Five of these six albums showed up at my house early in November. The Live in Paris album I have had for a few months; two are remasters of rather old LPs and two are new releases. The two Diana Krall albums are new vinyl released of CDs that have been out for several years.
Rachmaninoff: Symphonic Dances & Vocalise
Donald Johanos conducts the Dallas Symphony Orchestra
Analogue Productions’ 45 RPM remaster of the original Turnabout Vox recording
Mastered at AcousTech by Kevin Gray.
Pressed on virgin vinyl at Pallas in Germany.
There is a group of older audiophile who used to take nearly everything that HP said without any hesitation. For those of us, there is little that needs to be said about this old favorite.
The original liner notes tell us that, “The tape recording was made at a speed of 30 inches-per-second, using a transport modified to produce exceptionally good motion: a specially developed constant-velocity recording curve was employed for improved signal-to-noise ratio. The lacquer masters were made directly from the original tape, thus avoiding further transfer degradation. The result is a recording of exceptional clarity, naturalness and freedom from vices prevalent generally in the art.”
The original Turnabout Vox recording was known for its low, deep bass, and warm sound. As good as the original still is, this 45 RPM remaster from Analogue Production really ups the ante. This is just about as good as vinyl playback gets; highly recommended.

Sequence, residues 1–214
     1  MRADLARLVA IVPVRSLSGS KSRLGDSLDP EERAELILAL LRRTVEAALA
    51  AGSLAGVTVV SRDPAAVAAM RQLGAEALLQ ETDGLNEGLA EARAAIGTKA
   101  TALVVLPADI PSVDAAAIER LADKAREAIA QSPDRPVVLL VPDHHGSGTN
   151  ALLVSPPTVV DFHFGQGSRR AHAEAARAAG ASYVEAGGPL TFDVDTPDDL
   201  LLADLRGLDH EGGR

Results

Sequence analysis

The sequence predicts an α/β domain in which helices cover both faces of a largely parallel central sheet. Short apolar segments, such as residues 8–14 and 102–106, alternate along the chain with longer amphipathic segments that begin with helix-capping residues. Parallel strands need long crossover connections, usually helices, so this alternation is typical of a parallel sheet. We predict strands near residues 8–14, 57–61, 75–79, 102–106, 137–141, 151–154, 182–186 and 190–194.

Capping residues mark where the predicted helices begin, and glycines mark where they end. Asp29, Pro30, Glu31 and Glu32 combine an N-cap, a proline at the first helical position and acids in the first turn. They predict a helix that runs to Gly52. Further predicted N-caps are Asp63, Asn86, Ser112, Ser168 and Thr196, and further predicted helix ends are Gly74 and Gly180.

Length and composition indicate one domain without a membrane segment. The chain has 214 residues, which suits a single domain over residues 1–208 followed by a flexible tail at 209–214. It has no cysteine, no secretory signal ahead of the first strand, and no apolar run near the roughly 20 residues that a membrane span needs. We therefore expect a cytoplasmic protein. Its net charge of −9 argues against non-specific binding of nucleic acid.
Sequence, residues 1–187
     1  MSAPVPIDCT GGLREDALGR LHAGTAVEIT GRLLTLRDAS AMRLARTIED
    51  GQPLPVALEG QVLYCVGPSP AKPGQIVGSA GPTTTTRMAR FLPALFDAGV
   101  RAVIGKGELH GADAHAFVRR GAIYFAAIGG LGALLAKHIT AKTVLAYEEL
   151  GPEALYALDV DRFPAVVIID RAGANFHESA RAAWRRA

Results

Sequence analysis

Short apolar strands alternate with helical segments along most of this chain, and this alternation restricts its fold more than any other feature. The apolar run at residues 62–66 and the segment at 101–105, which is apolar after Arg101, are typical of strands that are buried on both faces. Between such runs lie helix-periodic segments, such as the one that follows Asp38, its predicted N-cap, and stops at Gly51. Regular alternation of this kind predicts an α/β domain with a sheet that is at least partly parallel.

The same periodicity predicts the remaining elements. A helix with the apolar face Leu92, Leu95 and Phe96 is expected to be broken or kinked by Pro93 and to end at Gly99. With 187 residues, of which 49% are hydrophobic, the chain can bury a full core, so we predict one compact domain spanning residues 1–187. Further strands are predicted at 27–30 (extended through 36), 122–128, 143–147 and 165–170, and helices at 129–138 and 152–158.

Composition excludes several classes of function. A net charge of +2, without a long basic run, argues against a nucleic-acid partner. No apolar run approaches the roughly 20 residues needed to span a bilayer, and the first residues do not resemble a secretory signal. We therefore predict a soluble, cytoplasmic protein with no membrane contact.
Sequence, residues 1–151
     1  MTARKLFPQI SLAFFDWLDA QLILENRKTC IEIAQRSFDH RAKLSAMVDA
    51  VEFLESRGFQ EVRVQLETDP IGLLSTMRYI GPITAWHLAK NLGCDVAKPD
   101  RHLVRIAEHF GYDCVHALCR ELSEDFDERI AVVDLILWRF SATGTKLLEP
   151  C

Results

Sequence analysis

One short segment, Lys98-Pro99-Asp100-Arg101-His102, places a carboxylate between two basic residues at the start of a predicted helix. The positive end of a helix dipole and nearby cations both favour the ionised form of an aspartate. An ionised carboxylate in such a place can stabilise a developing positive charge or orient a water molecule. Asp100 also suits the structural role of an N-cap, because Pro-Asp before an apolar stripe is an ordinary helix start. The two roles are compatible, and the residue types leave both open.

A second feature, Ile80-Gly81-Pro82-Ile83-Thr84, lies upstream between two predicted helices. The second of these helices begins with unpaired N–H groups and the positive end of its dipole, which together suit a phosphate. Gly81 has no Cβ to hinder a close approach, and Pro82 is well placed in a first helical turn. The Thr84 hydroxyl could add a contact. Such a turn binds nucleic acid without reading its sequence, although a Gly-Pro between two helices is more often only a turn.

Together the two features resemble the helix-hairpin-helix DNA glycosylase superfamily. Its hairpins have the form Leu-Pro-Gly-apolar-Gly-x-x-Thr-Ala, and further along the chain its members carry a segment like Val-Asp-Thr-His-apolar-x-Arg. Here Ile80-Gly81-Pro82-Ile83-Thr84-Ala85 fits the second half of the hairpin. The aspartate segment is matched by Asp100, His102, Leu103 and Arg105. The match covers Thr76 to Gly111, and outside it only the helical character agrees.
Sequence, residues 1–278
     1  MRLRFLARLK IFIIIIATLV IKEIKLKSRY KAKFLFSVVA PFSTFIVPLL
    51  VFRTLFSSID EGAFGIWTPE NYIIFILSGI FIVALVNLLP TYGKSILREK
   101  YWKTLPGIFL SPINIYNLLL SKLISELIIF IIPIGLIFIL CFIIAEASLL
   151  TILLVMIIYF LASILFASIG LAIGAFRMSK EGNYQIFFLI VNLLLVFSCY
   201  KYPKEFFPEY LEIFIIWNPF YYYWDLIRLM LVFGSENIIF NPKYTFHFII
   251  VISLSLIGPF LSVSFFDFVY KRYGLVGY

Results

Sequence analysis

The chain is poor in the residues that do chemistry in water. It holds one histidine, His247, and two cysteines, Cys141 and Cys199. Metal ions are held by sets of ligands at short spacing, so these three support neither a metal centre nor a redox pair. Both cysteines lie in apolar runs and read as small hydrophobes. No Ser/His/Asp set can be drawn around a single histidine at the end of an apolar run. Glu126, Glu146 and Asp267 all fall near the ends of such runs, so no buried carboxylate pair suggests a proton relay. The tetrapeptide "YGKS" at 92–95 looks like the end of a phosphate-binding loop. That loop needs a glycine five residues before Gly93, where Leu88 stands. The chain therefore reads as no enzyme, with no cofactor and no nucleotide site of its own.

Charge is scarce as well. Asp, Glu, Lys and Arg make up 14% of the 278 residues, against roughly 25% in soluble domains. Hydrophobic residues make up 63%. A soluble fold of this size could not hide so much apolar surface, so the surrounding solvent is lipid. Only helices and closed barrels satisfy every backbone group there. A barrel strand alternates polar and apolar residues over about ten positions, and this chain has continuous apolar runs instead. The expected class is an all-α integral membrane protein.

Julie London: Julie Is Her Name
ABox’s 45 RPM reissue of the original Liberty recording
There are several reasons for buying this album. First, it’s Julie London and if you don’t know who she is, well, just think of one of the sultriest singers you have ever heard. Second, you should buy it for how beautiful the music is, and lastly you should buy it to encourage ABox to produce more albums like this.
They used the original full track master to make this 45-RPM/two-LP set. It was mastered by Bernie Grundman using all-tube disc cutting equipment, and pressed by RTI on HQ-180 vinyl. The result is one of the most beautiful-sounding albums I have ever heard. Julie London’s career started in the movies during the 1940s. In 1955 she made her debut LP for the newly formed Liberty Records. This 45 RPM reissue may be the best example of a state-of-the-art mono recording as I have heard. This album has long been regarded by jazz buffs and ’50s pop enthusiasts as a genuine classic. Julie is supported by the legendary Barney Kessel on guitar and Ray Leatherwood on bass, this LP release will conjure up visions of the cool 1950s. I can’t recommend this album highly enough.
Diana Krall: All For You and Live in Paris
Both Albums by ORG /Original Recordings Group
Mastered by Bernie Grundman and pressed on Premium HQ-180 Gram Vinyl
I know over the last dozen or so years audiophile have just about OD’ed on Diana Krall, but that doesn’t change the fact she has produced some music that most of us have really enjoyed. Of all her albums these are two of my three favorite Krall albums. I also want to congratulate ORG on their superb work. These ORG albums are by far the best-sounding Krall LPs I have heard.